I guess what I’m saying is that I don’t see why a general monotheism is important to civic functions. Perhaps you might explain what you mean by this.

    1. Ben Wright

      Mark, it’s a bit difficult for me to know exactly how to interact, since you haven’t put your cards on the table on any of the specific scenarios, in particular BJU-Praeger. What I can say is that I don’t know how someone can address problems with secularlism from a strictly “civic” perspective, and it’s difficult for me to imagine how someone with a non-monotheistic worldview could offer something much better.

      By the way, I’m not arguing that a monotheist could be helpful on all topics, or that monotheistic commitments would be necessary for all civic discussions. I’m suggesting that it seems relevant to this particular topic.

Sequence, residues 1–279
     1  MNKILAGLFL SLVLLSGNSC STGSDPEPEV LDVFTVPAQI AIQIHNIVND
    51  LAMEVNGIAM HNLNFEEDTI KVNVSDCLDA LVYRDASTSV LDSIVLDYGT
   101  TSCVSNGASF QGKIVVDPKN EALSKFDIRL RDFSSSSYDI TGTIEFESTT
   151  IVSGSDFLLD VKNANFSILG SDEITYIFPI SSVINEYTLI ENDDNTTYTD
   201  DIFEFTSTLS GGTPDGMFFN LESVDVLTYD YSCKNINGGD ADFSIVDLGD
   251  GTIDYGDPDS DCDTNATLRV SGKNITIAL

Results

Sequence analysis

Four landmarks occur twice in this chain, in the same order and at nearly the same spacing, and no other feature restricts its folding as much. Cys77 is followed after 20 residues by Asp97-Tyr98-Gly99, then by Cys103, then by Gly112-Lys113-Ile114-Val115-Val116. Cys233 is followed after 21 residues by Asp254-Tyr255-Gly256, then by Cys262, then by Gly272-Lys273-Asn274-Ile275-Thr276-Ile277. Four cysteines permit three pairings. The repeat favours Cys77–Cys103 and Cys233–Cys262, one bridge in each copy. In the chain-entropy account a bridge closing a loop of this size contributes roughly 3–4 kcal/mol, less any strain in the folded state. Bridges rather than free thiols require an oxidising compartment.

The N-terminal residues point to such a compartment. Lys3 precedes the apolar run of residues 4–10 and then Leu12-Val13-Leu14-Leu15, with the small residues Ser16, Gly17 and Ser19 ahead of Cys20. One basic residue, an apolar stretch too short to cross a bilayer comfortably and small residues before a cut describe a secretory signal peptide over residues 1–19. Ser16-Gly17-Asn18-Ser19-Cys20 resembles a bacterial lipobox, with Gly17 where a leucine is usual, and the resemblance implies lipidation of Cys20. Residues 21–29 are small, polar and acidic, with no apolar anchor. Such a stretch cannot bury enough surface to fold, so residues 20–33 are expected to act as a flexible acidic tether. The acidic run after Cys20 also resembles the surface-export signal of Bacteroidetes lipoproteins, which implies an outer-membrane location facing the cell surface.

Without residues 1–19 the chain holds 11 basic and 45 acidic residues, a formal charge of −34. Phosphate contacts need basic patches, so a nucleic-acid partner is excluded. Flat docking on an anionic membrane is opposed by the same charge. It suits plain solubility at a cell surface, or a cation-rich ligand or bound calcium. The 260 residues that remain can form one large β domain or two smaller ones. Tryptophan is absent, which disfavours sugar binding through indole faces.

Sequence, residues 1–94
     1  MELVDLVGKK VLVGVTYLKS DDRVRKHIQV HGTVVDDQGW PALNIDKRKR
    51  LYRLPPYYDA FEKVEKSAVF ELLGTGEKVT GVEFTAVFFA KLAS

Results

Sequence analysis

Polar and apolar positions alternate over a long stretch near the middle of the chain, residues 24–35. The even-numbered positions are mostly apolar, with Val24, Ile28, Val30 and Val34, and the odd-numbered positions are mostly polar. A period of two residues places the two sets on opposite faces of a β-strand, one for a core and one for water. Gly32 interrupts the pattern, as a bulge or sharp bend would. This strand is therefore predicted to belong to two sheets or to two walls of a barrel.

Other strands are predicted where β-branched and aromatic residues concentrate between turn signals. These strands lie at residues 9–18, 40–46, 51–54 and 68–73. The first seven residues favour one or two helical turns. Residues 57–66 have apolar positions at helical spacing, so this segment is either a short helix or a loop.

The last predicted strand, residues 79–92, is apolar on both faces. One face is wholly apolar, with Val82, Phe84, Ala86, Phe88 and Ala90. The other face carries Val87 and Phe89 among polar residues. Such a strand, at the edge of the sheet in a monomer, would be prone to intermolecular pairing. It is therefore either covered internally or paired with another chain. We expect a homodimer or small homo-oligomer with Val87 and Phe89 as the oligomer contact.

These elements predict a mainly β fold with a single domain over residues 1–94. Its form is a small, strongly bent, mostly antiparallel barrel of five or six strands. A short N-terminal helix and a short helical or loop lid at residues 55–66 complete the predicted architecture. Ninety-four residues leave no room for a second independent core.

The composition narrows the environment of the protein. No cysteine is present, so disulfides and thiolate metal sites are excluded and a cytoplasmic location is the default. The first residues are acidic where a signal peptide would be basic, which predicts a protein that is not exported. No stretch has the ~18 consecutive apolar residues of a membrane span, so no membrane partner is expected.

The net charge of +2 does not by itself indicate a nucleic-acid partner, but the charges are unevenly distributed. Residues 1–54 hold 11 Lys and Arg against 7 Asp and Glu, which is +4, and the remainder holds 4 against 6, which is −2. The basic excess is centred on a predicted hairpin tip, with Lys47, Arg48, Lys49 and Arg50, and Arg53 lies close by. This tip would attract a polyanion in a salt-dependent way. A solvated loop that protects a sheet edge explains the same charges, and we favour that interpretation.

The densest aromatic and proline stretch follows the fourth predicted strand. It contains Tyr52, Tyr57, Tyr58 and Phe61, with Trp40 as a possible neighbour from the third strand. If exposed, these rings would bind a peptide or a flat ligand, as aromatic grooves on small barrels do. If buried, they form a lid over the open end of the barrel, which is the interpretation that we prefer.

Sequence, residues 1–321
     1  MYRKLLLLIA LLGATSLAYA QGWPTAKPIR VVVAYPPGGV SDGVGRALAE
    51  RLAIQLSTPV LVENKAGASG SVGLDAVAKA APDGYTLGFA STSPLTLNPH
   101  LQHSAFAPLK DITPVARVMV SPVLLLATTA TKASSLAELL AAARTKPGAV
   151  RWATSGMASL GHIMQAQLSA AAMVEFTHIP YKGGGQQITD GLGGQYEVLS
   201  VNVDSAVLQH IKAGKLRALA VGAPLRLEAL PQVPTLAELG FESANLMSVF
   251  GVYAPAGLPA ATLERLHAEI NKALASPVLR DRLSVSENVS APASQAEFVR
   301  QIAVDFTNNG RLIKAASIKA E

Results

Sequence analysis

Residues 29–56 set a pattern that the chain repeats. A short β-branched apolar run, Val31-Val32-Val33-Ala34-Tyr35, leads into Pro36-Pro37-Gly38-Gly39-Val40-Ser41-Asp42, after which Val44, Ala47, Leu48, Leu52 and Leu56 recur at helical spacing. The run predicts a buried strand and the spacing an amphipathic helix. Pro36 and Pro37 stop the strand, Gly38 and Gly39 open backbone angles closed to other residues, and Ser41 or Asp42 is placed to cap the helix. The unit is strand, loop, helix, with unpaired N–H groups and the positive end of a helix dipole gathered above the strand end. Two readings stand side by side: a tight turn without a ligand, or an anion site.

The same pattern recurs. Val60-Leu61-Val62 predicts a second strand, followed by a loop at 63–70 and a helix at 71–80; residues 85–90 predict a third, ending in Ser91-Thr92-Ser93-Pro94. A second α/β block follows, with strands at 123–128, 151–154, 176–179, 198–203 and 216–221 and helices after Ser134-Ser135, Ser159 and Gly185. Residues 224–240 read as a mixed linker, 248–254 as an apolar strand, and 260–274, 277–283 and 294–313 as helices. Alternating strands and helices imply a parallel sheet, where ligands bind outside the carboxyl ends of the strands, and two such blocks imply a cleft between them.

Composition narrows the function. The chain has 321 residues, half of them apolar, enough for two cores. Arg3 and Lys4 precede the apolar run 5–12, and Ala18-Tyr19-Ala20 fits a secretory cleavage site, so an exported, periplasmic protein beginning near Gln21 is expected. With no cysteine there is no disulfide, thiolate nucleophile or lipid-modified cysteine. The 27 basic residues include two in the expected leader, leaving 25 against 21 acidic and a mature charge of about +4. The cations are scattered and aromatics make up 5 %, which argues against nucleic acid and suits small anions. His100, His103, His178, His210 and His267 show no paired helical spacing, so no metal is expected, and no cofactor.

6. I am just curious if you do not think there is also another dynamic, namely that in whatever sense these are ecclesiastical communities they are not assembled primarily for the purpose of worship, but rather for education. Would this not expand the type of discourse that would be consistent with the purpose of the institution?

    If the students are being trained in worldview issues then exposure to popular discourse regarding those principals would not necessarily be harmful would it? This would seem to expand the potential addresses beyond something as narrow as piano repair (which is also sinful when not done to the glory of God). It is often the case in educational settings that students are exposed to opposing arguments and views so as to sharpen their ability to critically evaluate their own views. Obviously, this needs to be done with wisdom but I would guess that even at DBTS not every author or book on the reading list is in line with the stated positions of the seminary.

    I think a crucial question in an educational setting is, when does inviting a speaker constitute an endorsement of their positions (particularly those unrelated to the address) vs. recognizing them as an important voice in a public dialogue that students are being trained to evaluate and potentially participate.